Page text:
Hi everyone! Bill Stiernberg here. For today’s Art Column, I wanted to talk a bit about sprites!
Everyone does sprites differently – it’s actually a pretty complex art. So rather than going into great detail about all the types and varieties and styles of pixel art and spritework, I wanted to give you an idea of how I’ve been changing and improving the type of spritework I do for our games. I’ll be focusing on the main character sprites since those are the most recognizeable.
With Breath of Death VII, the goal was simple: Two guys will start from scratch and make a short, but fun, 8-bit era style RPG, and finish it in about 3 months. This was our first game as Zeboyd, and we pulled it off. To do that, we absolutely had to keep the art requirements reigned in; thus we chose “8 bit.”
I decided early on that most people / gamers tend to remember games as much more advanced than they really are. As such, I did not feel the need to stay too strict within the confines of what a NES could actually do. Rather, I felt that if I stretched out a little bit from a strict 8 bit palette, I could produce art faster, and perhaps give the game a little more detail than a true NES game would be capable of. The point was to remain efficient, and produce a game that looked 8 bit to the modern gamer, even if it wasn’t technically possible on the NES.
To stick to the look of 8 bit, of an early Dragon Quest game, Breath7 used a simple 16×16 sprite for characters:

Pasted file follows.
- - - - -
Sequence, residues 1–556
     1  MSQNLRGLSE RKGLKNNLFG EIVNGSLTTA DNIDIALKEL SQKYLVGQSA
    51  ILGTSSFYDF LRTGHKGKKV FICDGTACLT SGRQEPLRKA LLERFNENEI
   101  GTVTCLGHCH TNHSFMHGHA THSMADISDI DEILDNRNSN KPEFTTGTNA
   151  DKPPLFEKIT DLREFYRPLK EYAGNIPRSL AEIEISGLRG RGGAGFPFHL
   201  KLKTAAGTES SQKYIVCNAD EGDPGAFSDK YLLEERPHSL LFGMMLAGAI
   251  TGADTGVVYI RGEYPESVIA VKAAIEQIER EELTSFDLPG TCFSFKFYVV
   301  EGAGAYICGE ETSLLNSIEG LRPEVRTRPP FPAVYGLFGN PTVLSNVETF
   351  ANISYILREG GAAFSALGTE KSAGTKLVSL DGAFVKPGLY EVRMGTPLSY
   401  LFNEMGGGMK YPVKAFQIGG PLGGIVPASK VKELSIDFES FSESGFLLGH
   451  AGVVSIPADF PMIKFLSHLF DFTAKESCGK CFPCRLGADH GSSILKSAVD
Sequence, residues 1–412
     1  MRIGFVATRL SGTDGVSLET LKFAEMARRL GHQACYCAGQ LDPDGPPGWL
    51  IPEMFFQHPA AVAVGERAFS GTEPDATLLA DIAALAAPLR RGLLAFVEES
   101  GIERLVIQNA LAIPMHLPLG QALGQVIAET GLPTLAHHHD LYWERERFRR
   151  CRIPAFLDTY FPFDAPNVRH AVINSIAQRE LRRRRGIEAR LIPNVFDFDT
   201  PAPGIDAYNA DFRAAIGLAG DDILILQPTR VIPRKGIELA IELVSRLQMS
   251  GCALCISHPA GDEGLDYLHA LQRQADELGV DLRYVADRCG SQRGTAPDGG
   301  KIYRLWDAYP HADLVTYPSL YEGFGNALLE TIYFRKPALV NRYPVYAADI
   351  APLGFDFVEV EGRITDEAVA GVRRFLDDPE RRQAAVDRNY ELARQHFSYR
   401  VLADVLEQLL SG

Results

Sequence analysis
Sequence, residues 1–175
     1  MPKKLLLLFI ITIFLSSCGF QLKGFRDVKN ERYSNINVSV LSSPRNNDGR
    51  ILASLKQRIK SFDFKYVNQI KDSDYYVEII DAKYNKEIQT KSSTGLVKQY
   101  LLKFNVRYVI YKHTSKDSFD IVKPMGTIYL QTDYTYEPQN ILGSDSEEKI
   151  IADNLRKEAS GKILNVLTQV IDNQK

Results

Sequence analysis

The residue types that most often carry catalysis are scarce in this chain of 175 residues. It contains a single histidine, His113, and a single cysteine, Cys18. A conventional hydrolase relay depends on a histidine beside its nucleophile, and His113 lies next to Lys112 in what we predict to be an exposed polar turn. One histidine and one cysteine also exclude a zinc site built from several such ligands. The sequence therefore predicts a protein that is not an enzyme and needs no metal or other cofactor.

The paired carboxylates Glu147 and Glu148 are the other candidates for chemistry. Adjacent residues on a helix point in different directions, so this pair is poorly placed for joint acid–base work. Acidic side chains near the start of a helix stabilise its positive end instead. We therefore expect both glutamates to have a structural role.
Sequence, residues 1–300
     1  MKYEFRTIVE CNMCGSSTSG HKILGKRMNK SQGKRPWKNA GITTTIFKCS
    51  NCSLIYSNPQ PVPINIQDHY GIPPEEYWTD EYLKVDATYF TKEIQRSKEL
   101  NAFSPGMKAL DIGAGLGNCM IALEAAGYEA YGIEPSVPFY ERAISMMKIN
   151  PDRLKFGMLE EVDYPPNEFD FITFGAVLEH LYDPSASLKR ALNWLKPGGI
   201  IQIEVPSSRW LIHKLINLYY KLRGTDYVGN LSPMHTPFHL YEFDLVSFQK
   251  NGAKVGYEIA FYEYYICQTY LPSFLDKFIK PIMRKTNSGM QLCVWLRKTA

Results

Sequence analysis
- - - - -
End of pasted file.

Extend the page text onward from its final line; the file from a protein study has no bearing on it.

The sprites are also using only 2 frames of animation, and are always animated. This is very typical of early Dragon Quest games and it makes the squatty, big-headed sprites feel more alive by always-moving, and allows the developer to only need 2 frames of animation in each of 4 directions. I also stuck to two main colors for the sprite (white, blue) with little additional splashes (red, gold) and used shading and highlights sparingly. The simple color palette and details within the confines of the 16×16 sprite maintained a NES look, even though this particular sprite was more detailed than typical NES sprites.
When we started Cthulhu Saves the World (CSTW), the original idea was to basically take Breath7 as a template, and simply add more color and detail – without going overboard and committing to a massive multi-year production. However, I also knew that we really ought to have more frames of animation for the walk cycle, as well as standing-still frames of art:
The Cthulhu sprite remains 16×16 in size. However, it appears more detailed because I simply used more colors to detail and define him. I also decided on using 4 frames of animation for the walk cycle. I tried it initially with 3 frames, but the resulting Cthulhu looked to be moving very mechanically that way. The 4 frames shown above are all unique and it gives me some freedom to make it smoother and show his leg and wing movement, where 2 or 3 frames would look jerky otherwise.